Credit-related and other analyses, including ratings, and statements in the Content are statements of opinion as of the date they are expressed and not statements of fact. S&P’s opinions, analyses, and rating acknowledgment decisions (described below) are not recommendations to purchase, hold, or sell any securities or to make any investment decisions, and do not address the suitability of any security. S&P assumes no obligation to update the Content following publication in any form or format. The Content should not be relied on and is not a substitute for the skill, judgment, and experience of the user, its management, employees, advisors, and/or clients when making investment and other business decisions. S&P does not act as a fiduciary or an investment advisor except where registered as such. While S&P has obtained information from sources it believes to be reliable, S&P does not perform an audit and undertakes no duty of due diligence or independent verification of any information it receives. Rating-related publications may be published for a variety of reasons that are not necessarily dependent on action by rating committees, including, but not limited to, the publication of a periodic update on a credit rating and related analyses.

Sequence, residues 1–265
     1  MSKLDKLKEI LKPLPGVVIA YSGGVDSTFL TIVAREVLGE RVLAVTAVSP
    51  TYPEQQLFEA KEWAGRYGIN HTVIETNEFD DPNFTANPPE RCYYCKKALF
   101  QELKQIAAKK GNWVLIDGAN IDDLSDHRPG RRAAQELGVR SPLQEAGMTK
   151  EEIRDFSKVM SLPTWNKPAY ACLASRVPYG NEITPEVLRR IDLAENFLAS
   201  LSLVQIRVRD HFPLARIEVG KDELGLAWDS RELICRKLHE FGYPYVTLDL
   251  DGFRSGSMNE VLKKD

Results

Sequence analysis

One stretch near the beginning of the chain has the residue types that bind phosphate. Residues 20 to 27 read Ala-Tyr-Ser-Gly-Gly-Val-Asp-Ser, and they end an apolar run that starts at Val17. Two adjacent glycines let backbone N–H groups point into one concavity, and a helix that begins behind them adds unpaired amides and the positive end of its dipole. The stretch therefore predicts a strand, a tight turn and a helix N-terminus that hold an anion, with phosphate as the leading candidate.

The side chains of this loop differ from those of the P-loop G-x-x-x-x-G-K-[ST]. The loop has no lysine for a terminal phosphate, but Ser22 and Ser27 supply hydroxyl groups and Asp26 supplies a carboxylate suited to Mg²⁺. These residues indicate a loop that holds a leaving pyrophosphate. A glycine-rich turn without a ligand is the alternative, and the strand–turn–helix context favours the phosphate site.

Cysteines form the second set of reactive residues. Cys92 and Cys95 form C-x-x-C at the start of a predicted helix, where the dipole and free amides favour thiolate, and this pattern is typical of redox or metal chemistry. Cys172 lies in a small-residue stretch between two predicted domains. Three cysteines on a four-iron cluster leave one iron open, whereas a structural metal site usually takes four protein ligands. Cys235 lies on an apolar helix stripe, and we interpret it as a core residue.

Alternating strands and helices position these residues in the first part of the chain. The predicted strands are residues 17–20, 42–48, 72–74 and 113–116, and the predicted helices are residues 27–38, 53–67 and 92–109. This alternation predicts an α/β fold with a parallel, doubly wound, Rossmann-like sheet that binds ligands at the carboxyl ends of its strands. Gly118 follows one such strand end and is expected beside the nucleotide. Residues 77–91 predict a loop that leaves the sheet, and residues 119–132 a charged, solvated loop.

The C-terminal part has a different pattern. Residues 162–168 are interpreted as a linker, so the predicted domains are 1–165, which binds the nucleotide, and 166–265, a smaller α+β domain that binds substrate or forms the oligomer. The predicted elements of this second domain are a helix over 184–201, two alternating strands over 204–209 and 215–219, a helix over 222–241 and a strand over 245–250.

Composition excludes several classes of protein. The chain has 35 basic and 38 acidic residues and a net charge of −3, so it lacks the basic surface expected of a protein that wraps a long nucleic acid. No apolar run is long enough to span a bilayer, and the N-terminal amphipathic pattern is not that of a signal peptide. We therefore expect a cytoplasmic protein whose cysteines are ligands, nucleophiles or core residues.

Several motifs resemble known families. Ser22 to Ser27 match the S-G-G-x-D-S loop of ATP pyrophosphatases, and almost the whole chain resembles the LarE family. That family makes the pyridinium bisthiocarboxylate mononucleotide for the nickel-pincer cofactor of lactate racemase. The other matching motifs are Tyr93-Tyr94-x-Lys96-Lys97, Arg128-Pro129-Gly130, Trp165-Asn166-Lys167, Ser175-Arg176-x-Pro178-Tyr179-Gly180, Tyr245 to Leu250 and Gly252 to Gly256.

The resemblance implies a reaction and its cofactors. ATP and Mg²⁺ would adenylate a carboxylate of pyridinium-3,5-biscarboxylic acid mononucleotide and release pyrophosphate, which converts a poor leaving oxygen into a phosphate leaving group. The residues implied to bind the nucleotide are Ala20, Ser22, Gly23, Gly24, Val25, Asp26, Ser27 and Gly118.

To the extent that regulatory authorities allow a rating agency to acknowledge in one jurisdiction a rating issued in another jurisdiction for certain regulatory purposes, S&P reserves the right to assign, withdraw, or suspend such acknowledgement at any time and in its sole discretion. S&P Parties disclaim any duty whatsoever arising out of the assignment, withdrawal, or suspension of an acknowledgment as well as any liability for any damage alleged to have been suffered on account thereof.

S&P keeps certain activities of its business units separate from each other in order to preserve the independence and objectivity of their respective activities. As a result, certain business units of S&P may have information that is not available to other S&P business units. S&P has established policies and procedures to maintain the confidentiality of certain nonpublic information received in connection with each analytical process.

S&P may receive compensation for its ratings and certain analyses, normally from issuers or underwriters of securities or from obligors. S&P reserves the right to disseminate its opinions and analyses. S&P's public ratings and analyses are made available on its Web sites, (free of charge), and (subscription), and may be distributed through other means, including via S&P publications and third-party redistributors. Additional information about our ratings fees is available at

Register with S&P Global Ratings

Register now to access exclusive content, events, tools, and more.

Go Back